All presumptive patients provided three sputum samples for smear microscopy examination. From 200 subjects in this study, a total of 87% (174) volunteered to have HIV testing, of which 18.97% (33/174) were positive for HIV and 14.97% (26/174) were found with unknown status of HIV. Results related to HIV test among 20 AFB positive cases indicated that 45% (9), 45% (9), and 10% (2) were HIV positive, HIV negative, and of HIV status unknown, respectively. Of the 9 TB and HIV positive patients, 77.78% (7/9) were males and 22.22% (2/9) were females (Table 1).

From presumptive TB patients that visited the hospital, we found that 10% (20/200) were AFB positive. Of these AFB positive patients, 60% (12/20) were males and 40% (8/20) were females (Table 1). From 200 participating patients, 76% (152/200) were living in the urban areas and 24% (48/200) were from rural areas, of which 85% (17/20) and 15% (3/20) of the AFB positive patients were shown to be living in urban and rural areas, in that order (Table 2).


Variables Number (%) of AFB positive
Number%

Gender
 Male1260
 Female840
Marital status
 Single210
 Married1890
Location of living
 Urban1785
 Rural315
Nature of smear positivity
 New smear AFB positive1785
 On anti-TB treatment315
TB patient in the family
 Present525%
 Absent1575%

Total subjects from urban residents were 152 out of 200 (76%) of which 11.2% were AFB positive. Total subjects from rural residents were 48 out of 200 (24%) of which 6.3% were AFB positive.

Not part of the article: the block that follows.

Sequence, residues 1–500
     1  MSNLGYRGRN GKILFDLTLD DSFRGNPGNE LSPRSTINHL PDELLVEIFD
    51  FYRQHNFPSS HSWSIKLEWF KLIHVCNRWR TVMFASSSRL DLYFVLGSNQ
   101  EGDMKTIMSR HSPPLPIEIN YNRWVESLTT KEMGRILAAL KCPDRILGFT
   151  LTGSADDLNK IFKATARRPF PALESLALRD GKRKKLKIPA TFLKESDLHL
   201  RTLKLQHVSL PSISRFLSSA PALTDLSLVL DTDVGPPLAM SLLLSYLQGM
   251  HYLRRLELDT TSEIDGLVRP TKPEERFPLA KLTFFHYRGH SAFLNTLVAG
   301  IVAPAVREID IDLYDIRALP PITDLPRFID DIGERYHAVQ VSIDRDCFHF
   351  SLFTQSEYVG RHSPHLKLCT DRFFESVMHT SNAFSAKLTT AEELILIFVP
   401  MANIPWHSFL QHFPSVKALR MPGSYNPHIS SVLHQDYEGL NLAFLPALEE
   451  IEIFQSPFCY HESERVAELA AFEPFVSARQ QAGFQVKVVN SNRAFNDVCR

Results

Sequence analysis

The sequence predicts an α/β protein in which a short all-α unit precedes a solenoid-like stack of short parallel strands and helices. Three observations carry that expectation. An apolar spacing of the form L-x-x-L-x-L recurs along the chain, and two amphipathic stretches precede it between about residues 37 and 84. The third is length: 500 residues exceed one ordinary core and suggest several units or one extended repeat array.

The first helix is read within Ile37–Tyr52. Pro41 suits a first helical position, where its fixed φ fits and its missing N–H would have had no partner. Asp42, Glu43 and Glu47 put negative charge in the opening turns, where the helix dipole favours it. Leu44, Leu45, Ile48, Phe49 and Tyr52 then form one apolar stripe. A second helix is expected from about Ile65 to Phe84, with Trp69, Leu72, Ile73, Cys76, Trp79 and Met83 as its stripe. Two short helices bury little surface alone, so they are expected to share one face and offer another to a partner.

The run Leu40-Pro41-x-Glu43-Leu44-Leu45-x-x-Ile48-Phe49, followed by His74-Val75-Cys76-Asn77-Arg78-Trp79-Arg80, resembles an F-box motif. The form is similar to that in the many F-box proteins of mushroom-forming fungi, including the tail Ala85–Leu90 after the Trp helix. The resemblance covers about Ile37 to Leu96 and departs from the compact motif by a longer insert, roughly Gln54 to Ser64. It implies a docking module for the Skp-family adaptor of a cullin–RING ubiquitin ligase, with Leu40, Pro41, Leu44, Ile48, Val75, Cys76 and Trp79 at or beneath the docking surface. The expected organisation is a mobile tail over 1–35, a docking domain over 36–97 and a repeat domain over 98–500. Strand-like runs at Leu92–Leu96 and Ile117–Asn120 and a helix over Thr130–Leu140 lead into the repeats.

Our result showed that among 20 AFB positive participants 85% (17/20) had new smear-positive pulmonary TB and none of those were on anti-TB treatment before, whereas 15% (3/20) were already on anti-TB treatment. The study also indicated that, from a total of 20 AFB positive cases, 25% (5/20) had TB patients in their families (Table 2).

Results related to the educational status of AFB positive subjects showed that 10% (2/20) had no schooling, 40% (8/20) were elementary school (Grades 1–8) students, 35% (7/20) had secondary level (Grades 9–12) education, 5% (1/20) were a college level student, and 10% (2/20) were university graduates (Table 3).


VariableNumberPercent (%)

Level of Education
No school210
Grades 1–4525
Grades 5–8315
Grades 9–12735
College15
University210
Type of employment
Student15
Employed, nongovernmental15
Unemployed1575
Employed, governmental315

Total20100

Our result related to the employment status of the subjects with AFB positive smear indicated that 75% (15), 5% (1), 5% (1), and 15% (3) were unemployed, students, employed to nongovernmental organization, and employed to governmental institutions, respectively (Table 3).

3.2. Discussion

This study was a hospital based cross-sectional analysis which was conducted to assess the burden (prevalence) of TB among individuals visiting Saint Paul’s Hospital during the study period. The study revealed that the prevalence of smear-positive TB among different gender (more in males), age groups (more in 25–44 and 65–74 years), educational background (more among lower level of education), family history (more among married), and employment status (more among unemployed). Different studies in Ethiopia have also indicated differences in prevalence of smear-positive TB among different gender and age groups [1214], education [15], employment [16], and economic status [17]. Like other studies [18], in this study, the highest prevalence rate was observed in age group within 25–44 and 65–74, but the prevalence rate was very low in the age groups of 0–14 and 45–64.